What is a well-drawn character and how do you draw one? While these questions are tackled at every writer’s conference, I think bagging the wind would be an easier task than nailing down the one thing that makes a character real in the reader’s mind.
Because characterization requires layers…lots of them. That elusive device or trick that makes a flat character three-dimensional doesn’t exist. It takes many tools to fashion a person the reader will care about. I’d like to share a simple tool I’ve added to my writing craft box, one I picked up from twenty years of helping novice actors excel on the stage.
Only 7% of what we communicate is communicated with words. The other 93% is communicated with 55% body language and 38% vocal intonation. Where do these alarming numbers leave wordsmiths like us? Up a creek…unless we learn to give our characters movement and sound. One quick and easy way to make progress toward accomplishing this feat is with costuming.
Far too often we dress our characters in jeans and a shirt and send them forth in our WIP without further consideration. But taking a moment to select costume pieces that either restrict or increase a character’s fluidity of movement can create mental body language specific for that character. Simply by adding body language, we’ve increased the believability of a character’s dialogue by 55%.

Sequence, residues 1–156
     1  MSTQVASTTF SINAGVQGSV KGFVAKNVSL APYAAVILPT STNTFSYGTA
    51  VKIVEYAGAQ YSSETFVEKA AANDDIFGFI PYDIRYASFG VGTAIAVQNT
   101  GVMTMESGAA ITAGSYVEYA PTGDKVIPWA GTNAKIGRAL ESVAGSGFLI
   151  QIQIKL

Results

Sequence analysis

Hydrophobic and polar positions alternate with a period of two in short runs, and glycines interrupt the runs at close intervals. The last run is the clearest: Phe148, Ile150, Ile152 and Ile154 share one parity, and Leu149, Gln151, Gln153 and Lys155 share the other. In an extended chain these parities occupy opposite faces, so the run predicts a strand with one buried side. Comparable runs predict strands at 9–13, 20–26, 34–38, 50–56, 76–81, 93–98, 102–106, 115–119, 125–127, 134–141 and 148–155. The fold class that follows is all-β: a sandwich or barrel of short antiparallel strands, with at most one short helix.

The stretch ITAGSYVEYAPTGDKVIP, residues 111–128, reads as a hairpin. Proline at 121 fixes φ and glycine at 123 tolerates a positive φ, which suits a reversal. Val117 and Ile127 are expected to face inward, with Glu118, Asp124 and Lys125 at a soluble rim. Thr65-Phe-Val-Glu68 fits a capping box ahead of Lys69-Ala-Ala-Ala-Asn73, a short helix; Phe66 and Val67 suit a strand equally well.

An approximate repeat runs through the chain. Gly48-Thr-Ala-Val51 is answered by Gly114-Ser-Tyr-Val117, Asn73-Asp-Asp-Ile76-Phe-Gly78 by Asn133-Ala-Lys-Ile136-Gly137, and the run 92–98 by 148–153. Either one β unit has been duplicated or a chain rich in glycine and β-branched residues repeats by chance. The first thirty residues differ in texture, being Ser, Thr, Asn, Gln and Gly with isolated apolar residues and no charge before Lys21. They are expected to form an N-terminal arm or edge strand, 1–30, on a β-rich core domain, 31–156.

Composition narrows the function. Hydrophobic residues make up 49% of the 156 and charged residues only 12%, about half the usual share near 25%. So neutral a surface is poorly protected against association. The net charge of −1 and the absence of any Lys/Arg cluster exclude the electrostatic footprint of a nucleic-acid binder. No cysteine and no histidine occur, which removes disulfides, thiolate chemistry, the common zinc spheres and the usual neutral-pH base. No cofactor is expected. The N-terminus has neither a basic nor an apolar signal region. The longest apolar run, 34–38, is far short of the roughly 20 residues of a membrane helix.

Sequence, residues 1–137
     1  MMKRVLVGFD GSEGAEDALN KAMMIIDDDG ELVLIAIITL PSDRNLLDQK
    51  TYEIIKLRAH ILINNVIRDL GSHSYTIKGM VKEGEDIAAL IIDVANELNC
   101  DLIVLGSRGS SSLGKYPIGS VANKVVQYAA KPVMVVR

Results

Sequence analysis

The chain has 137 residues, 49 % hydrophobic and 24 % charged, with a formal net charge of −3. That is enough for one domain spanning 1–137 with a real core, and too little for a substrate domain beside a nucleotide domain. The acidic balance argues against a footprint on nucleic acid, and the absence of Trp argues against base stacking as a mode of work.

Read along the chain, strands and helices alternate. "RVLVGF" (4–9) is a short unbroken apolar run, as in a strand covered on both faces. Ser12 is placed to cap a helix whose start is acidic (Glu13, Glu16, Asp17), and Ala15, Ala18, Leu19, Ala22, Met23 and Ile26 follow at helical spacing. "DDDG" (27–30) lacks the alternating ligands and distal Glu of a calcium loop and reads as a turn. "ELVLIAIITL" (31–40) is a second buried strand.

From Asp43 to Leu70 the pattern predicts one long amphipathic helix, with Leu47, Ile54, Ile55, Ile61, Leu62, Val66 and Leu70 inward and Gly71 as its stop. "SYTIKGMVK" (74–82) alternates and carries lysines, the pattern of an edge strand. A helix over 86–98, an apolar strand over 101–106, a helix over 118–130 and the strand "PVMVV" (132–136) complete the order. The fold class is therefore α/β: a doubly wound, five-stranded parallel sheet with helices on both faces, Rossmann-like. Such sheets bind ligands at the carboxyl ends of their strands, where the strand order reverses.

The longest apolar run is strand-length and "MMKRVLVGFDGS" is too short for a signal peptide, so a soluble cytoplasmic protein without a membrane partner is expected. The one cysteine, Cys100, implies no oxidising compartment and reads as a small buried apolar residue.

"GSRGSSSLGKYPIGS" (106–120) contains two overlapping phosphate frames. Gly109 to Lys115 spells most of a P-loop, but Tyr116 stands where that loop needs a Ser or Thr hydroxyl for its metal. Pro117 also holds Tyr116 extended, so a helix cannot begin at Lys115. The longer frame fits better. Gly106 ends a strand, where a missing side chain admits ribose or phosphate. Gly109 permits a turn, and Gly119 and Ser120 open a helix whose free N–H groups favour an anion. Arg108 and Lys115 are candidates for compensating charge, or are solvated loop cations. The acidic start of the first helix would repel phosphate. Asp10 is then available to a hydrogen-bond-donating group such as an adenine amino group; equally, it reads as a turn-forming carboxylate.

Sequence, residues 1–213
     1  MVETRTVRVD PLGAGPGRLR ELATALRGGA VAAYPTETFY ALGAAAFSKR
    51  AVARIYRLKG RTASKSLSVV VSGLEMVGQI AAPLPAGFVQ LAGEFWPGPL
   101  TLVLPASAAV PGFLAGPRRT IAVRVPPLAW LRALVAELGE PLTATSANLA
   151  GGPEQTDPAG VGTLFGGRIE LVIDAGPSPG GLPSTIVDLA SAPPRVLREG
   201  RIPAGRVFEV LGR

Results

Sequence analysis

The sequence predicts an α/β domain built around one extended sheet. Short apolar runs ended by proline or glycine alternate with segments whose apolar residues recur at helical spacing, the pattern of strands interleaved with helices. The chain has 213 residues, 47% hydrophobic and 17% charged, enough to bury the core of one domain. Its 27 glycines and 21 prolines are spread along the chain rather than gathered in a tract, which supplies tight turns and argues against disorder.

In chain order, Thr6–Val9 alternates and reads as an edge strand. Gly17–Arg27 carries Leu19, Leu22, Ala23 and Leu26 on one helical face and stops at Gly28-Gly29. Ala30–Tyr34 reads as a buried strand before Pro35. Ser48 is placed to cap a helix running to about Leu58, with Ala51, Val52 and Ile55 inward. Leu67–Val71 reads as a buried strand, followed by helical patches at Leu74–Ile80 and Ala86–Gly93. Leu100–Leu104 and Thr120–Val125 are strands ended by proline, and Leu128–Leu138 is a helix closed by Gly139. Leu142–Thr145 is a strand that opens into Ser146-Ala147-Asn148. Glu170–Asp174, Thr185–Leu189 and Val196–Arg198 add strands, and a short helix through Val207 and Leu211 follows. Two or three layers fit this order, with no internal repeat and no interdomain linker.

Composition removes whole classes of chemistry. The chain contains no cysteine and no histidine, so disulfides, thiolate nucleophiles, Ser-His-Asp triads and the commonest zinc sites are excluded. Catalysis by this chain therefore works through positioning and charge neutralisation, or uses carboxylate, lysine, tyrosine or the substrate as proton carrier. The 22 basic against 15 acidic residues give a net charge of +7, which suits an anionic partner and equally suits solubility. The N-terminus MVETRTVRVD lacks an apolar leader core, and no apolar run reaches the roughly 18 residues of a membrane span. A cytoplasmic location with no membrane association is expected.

How does costuming work? I’m not sure. But I know that if I take a stay-at-home mom who’s comfortable in her sweats and costume her in a suit and heels, she suddenly moves differently across the stage. Can this happen on the page? Absolutely.
In her stunning debut novel, The Russian Concubine, Kate Furnivall gives an example of costuming’s influence upon a character’s fluidity of movement. When Alfred, an uppity Englishman, makes his stage entrance in the middle of a filthy Chinese market, he is dressed in a cream linen suit. Immediately, the reader sees a man desperate to keep himself pristine. Ever tried to keep a toddler’s sticky hands off of your white blouse? Then you have a mental visual of how Alfred would move to protect his clothes in this uncomfortable environment. And it is in our mental movements of Alfred that he suddenly becomes…more real.
Want to know more about creating characters that leap from the page? Stay tuned.